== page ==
Worthington Talks Immigration

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Approximately 250 people packed a small gym in Worthington, MN Sunday to partake in a dialogue between the immigrant community and local politicians about immigration and Governor Tim Pawlenty’s proposals. The immigration concerns of this prairie town inspired Pawlenty’s immigration report, which has triggered a heated and controversial debate encompassing the entire state.

The forum panel included Chief of Police Mike Cumiskey, Mayor Alan Oberloh, Mexican Consul Nathan Wolf, State Senator Jim Vickerman (D-22), State Representative Doug Magnus (R-22A), State Representative Rod Hamilton (R-22B), and Mariano Espinoza, co-director of Freedom Network for Immigrants.

There was a lot of consensus between the panel and the audience that Pawlenty’s proposals are not appropriate in their treatment of immigrants or for the economy. The legislators reiterated the crucial role that immigrants play in the Minnesotan economy. Representative Hamilton said he took issue with the governor’s initial proposal because it “focused on enforcement and enforcement only.” The panel stressed that policies needed to strike a balance. They stressed the necessity of a more streamlined immigration process and for more agricultural and service worker visas to meet the needs of rural Minnesota.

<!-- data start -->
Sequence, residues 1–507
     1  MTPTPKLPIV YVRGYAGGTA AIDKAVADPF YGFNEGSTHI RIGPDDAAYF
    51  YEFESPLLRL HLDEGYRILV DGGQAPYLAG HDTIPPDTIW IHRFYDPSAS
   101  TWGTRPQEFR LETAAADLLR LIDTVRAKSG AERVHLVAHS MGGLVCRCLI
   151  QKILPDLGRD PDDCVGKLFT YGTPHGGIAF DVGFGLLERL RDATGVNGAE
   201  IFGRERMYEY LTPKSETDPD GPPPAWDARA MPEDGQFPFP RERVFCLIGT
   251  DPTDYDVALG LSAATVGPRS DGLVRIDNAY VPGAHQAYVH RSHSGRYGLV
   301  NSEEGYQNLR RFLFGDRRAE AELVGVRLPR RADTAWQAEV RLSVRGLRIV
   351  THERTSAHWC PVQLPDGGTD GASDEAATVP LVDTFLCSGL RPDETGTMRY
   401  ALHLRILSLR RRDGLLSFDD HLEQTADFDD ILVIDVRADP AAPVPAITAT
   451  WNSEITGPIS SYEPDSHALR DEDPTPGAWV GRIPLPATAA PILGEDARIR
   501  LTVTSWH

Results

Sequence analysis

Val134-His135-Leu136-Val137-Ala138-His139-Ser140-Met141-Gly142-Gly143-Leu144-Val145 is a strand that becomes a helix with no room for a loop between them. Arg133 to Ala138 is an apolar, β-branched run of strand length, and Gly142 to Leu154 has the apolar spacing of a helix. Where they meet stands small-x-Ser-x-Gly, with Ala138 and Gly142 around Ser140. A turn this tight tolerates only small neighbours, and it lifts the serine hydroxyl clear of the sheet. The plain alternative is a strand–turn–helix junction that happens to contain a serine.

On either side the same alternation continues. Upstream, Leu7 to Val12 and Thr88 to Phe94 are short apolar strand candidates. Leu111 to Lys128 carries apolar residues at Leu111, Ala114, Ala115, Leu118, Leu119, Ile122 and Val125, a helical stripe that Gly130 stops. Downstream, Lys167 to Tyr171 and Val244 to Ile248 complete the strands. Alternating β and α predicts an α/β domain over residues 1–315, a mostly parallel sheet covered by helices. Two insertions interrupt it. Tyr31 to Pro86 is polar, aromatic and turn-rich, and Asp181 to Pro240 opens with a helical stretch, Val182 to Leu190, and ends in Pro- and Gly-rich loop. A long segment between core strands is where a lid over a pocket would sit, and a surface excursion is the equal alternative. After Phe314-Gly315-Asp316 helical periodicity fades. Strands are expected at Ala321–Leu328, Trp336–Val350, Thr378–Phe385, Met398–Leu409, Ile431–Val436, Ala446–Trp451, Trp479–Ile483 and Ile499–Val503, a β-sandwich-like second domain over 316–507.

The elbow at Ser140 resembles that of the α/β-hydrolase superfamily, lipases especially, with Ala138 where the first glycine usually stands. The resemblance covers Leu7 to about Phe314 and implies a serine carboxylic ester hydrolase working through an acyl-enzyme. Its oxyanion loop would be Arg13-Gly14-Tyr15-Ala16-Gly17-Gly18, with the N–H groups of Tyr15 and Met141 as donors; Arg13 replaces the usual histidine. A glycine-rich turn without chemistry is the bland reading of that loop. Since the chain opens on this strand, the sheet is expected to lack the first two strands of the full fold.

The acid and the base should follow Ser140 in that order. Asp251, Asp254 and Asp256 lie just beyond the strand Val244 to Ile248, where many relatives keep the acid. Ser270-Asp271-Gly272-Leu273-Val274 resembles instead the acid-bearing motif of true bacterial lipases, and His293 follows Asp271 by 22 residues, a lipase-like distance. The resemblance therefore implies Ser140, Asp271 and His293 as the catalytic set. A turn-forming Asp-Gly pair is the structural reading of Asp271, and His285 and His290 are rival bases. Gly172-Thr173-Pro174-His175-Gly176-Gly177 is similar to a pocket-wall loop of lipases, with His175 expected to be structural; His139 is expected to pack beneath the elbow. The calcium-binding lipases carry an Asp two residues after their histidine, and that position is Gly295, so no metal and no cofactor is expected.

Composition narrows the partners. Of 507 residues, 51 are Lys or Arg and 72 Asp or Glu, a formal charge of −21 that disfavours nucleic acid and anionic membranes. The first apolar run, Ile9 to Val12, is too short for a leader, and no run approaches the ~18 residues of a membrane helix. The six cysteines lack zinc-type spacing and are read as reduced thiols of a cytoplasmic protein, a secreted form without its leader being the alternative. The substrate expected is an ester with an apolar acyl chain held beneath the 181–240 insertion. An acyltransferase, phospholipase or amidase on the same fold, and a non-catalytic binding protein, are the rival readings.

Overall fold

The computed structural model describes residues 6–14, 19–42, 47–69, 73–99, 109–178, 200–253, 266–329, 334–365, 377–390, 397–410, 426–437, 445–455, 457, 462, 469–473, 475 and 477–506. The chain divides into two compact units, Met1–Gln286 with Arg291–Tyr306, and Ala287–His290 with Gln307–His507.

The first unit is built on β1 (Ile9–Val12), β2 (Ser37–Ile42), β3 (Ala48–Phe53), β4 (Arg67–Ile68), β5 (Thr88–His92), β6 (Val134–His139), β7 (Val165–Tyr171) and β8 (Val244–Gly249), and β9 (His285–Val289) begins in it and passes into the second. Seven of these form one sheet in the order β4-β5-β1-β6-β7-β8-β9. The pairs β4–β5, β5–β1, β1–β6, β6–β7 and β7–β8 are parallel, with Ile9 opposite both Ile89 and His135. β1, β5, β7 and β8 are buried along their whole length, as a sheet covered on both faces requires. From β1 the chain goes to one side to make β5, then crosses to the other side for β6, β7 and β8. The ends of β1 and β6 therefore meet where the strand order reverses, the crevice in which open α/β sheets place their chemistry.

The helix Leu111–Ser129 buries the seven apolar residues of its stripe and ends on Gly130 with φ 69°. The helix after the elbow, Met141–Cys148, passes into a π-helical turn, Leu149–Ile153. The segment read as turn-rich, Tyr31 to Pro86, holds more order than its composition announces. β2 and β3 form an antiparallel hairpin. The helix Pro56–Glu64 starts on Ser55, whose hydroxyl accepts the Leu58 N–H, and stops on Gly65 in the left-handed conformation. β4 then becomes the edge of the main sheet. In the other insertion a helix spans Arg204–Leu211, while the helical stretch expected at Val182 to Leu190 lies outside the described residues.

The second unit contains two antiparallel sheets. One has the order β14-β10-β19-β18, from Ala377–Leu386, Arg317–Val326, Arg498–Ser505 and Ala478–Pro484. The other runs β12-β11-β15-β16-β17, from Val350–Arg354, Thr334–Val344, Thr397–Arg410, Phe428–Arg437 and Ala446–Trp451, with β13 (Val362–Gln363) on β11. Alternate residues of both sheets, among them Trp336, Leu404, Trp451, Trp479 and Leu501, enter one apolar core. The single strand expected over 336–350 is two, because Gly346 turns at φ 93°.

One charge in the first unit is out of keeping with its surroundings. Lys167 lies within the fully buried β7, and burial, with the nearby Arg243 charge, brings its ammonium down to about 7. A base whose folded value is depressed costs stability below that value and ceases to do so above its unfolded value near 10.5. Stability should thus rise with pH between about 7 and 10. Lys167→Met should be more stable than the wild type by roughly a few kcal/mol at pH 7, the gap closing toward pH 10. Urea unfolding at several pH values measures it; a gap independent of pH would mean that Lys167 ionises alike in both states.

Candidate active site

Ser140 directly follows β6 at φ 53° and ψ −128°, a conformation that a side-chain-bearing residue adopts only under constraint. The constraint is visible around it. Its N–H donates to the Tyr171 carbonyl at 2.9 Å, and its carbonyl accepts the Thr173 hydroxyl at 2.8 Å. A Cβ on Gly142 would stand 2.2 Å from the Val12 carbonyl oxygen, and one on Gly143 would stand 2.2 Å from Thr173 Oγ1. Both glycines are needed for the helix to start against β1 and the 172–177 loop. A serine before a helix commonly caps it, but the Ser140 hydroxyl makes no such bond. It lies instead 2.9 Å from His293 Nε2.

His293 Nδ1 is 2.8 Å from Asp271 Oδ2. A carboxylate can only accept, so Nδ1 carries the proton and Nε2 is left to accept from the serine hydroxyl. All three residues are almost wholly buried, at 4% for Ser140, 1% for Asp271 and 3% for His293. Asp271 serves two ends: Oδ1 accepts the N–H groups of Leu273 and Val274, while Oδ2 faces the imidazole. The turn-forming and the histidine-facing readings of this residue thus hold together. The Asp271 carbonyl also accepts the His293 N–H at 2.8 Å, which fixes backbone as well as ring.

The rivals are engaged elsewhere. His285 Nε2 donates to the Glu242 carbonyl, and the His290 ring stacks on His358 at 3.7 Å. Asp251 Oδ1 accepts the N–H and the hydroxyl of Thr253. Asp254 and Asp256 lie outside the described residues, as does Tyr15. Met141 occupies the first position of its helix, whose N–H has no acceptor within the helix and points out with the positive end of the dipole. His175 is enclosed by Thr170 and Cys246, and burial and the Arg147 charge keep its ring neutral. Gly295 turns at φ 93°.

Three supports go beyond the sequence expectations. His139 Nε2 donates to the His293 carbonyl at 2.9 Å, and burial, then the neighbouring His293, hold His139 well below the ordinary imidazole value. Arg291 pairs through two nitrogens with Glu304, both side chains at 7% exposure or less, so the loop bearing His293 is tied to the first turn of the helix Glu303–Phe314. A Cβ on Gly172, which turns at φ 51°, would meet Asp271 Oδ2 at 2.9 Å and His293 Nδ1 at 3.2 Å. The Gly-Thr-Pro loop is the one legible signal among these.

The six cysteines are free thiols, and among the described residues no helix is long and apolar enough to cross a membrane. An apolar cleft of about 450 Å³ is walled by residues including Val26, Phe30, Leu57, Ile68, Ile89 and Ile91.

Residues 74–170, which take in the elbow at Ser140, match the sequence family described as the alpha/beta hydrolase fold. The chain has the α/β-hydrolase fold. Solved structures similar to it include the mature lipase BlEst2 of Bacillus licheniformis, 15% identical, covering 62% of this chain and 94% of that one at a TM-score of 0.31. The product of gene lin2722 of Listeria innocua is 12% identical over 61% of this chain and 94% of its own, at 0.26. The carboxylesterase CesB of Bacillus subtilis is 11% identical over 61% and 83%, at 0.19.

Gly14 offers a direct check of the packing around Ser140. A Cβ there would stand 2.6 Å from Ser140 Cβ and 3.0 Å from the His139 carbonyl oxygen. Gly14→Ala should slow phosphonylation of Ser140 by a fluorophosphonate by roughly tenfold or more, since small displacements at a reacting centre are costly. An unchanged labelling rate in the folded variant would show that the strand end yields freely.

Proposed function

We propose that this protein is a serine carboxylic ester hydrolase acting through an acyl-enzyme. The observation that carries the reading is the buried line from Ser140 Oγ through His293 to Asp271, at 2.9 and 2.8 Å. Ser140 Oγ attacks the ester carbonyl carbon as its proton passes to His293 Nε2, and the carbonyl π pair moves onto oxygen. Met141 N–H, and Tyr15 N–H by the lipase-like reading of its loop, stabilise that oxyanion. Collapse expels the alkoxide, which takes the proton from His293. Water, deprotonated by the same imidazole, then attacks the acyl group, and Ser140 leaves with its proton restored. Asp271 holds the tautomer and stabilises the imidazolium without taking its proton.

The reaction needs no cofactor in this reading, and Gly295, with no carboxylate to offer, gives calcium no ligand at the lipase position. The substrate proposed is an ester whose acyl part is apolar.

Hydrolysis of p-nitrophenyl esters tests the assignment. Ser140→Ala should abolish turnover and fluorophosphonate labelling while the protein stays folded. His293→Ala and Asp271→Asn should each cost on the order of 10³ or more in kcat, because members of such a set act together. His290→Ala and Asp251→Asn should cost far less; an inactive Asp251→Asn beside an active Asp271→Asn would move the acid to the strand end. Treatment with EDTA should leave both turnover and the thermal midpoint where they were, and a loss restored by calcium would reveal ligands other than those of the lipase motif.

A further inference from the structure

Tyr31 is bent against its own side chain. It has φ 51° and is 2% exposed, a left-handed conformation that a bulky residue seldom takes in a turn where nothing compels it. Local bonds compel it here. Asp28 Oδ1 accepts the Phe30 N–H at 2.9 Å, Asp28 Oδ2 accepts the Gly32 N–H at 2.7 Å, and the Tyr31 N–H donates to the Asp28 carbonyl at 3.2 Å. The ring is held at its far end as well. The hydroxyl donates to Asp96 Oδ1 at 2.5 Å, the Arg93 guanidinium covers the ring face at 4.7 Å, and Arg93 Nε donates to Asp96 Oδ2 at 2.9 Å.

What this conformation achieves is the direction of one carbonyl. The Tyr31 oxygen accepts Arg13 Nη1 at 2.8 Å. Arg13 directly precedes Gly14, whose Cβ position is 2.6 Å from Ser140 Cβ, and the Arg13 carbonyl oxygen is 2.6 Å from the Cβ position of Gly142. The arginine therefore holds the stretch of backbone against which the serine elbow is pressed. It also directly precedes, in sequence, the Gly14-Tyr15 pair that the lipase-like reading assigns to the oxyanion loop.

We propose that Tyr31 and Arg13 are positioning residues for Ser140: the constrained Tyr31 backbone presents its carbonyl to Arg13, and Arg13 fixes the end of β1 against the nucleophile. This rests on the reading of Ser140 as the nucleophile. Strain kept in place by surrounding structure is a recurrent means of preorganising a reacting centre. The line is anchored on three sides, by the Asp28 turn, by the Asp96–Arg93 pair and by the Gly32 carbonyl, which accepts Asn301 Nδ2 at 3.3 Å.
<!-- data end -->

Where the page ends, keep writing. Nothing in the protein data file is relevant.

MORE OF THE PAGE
The audience expressed strong concern about the cumbersome immigration process, which leaves many in legal limbo for years and others without the opportunity of getting visas; the separation of families that occurs with arrest and deportation; and the need for immigrants to feel secure seeking help from the police without being asked their status.

The relationship between police and the immigrant community was a major issue. Many of the questions and statements from the audience pertained to contact with the police, including questions about when the police inquire about immigration status, whether the police work with Immigration and Customs Enforcement and voiced concerns about racial profiling.

In closing, Wolf addressed the vocabulary used in the immigration debate by telling the audience, “For those of you who call yourself illegal, according to U.S. law, you are not illegal, you are undocumented.”

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